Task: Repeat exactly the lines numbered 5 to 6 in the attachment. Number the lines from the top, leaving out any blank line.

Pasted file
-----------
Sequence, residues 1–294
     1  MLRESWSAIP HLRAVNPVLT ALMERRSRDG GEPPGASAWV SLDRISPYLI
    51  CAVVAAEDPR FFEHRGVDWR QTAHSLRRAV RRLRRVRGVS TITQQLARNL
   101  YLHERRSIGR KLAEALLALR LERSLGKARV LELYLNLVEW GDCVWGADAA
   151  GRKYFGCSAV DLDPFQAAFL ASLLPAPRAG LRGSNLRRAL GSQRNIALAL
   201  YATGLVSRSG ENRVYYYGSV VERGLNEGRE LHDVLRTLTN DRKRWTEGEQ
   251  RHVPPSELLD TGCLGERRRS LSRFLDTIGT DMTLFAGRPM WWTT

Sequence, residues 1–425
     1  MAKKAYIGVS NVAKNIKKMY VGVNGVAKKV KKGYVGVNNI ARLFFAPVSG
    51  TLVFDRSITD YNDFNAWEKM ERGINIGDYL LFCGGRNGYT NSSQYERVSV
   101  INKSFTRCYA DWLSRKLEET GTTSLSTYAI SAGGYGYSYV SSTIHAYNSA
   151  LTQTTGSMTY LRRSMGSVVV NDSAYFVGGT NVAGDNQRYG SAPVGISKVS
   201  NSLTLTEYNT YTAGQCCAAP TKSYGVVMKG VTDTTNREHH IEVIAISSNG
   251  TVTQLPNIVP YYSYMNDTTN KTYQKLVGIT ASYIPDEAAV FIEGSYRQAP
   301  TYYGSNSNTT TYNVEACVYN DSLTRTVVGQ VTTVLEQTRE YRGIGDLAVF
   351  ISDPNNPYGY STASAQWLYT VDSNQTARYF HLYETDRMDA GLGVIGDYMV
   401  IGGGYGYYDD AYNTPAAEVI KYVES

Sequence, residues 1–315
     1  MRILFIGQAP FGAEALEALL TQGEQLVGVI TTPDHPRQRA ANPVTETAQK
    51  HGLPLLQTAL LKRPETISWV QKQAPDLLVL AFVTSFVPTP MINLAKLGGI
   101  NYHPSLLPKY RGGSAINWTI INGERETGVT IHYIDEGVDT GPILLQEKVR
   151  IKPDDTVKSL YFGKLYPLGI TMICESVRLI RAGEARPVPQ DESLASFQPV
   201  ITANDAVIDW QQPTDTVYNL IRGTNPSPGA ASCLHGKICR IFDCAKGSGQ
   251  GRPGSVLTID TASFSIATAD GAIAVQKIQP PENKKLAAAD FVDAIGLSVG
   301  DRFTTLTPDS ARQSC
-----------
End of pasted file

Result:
   151  GRKYFGCSAV DLDPFQAAFL ASLLPAPRAG LRGSNLRRAL GSQRNIALAL
   201  YATGLVSRSG ENRVYYYGSV VERGLNEGRE LHDVLRTLTN DRKRWTEGEQ